Finish the rest of the wall and you’re done!

Overall, I am very happy with the result, BUT I have to say it does take some time to get used to.  I tackled one wall, and I’m not sure if I’m ready for a whole room or ceiling.  Check out {these} projects by other bloggers.  Since I’ve previously tackled wallpaper AND now, stenciling, I would say stenciling is a wee-bit easier.  The result is a little more forgiving.

An important note I want to share: I used Behr paint….BIG MISTAKE.    I’m not really a fan of Behr paint (sorry, Behr), because it dries too quickly and then removes the paint from the wall.  I ended up having to use Behr because they were the only company who had a hi-gloss finish and could color match the Benjamin Moore Lenox Tan.    So here was the problem ~ At times during the stenciling, the paint was peeling off the stencil and getting onto the wall.  I spoke with Cutting Edge Stencil about this problem and they never had that happen before.  SO that confirms that it was the paint that was the issue. To avoid this issue….

They recommend using:
Benjamin Moore  Aura – It’s more opaque and usually gives great coverage in just one coat

Again, the result is subtle, but dramatic.  Depending on where you stand and the amount of sun light filtering in throughout the day, the overall look changes.

Even though Cutting Edge Stencils sent me their product for review, I am giving my 100% honest opinion that they have a great product!  Stenciling is not just roosters and flowers anymore.  They have truly taken their designs to the next level to enhance the overall look and feel of a space. Here are a few others that I love:

Moroccan Dream Stencil

Nadya Damask SM scale

Vision Allover Stencil

AND it gets better…

Cutting Edge Stencil is offering a GIVEAWAY!  But, you’ll have to wait till next week to enter.  Head back to SAS Interiors next Thursday during my Summer Spaces Link Party for the Blogger Block Party and learn more about what Cutting Edge Stencil wants you to have!!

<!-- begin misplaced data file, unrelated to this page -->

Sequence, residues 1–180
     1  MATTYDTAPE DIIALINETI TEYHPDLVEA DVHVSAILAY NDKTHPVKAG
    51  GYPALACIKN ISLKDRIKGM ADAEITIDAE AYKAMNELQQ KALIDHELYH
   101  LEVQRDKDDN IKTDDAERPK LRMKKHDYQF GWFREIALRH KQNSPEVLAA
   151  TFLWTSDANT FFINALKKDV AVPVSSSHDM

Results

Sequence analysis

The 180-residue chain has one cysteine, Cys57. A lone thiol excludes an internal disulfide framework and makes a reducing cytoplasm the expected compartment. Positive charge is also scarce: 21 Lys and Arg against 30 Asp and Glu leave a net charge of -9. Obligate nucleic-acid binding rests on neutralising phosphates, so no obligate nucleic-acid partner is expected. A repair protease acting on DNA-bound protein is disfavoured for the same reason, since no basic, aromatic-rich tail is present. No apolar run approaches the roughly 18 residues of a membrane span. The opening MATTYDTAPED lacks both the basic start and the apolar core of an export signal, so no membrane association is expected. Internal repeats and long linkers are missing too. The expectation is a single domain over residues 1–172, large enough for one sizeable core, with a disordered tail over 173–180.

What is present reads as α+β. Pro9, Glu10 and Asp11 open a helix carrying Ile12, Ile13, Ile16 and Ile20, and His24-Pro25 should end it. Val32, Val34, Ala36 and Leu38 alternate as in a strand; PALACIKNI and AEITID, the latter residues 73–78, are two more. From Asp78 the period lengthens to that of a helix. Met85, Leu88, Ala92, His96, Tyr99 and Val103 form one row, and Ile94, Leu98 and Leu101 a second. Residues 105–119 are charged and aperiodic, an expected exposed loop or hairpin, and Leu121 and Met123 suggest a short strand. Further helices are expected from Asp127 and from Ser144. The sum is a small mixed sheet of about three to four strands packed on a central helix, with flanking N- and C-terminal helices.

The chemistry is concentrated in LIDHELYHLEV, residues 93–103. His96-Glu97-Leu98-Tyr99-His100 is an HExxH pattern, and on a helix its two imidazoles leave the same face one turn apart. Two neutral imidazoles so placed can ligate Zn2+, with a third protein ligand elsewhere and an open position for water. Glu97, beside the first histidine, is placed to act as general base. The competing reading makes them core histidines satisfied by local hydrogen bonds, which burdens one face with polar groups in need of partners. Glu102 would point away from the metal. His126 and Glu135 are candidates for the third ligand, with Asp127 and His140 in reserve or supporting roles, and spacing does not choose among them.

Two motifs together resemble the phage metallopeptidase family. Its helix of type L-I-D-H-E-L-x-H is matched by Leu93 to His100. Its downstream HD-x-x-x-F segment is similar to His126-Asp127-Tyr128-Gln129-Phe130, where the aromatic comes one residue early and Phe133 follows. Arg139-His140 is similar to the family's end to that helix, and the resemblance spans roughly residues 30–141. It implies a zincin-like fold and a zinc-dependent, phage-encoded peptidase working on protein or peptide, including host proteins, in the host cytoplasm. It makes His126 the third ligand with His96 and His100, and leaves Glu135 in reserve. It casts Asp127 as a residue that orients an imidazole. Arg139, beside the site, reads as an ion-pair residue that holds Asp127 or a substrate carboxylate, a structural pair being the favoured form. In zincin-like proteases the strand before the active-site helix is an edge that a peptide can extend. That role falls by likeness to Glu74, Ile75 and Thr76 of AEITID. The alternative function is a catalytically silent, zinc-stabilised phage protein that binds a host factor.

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  1. says

    I love this trellis stencil from Cutting Edge Stencils, I used it on a tray project. Question, how did you run the pattern up to the molding along the stairs so well…I wanted to used this pattern in a room but this part of it stopped me! Beautiful job, love the subtle color difference!

    • Jenna says

      Hi Janell,
      I didn’t realize that you used the Trellis stencil on your tray ~ thought it looked familiar.
      Stenciling close to the moulding on the stairs was a bit tricky. At some points, I didn’t even tape it to the wall – – I had to just hold the stencil with one hand and paint with the other. Also, because the color of the paint was tone on tone but with a different sheen, it was a bit more forgiving. I did use painters tape to avoid paint from getting where it shouldn’t be.

    • Jenna says

      Thanks Debbie for stopping by and checking out my new stencil project. Definitely check back on Thursday to enter the giveaway!

  2. says

    So, I haven’t really been a fan of the stencil things, because 1) I think it would take a long time and 2) like you I’m not sure how well it would turn out. BUT, your wall looks FABULOUS!! I think using the same color of paint with different finishes was a great idea, and your wall is the best stenciled wall I’ve seen! ♥ it! Visiting from TT&J.

    • Jenna says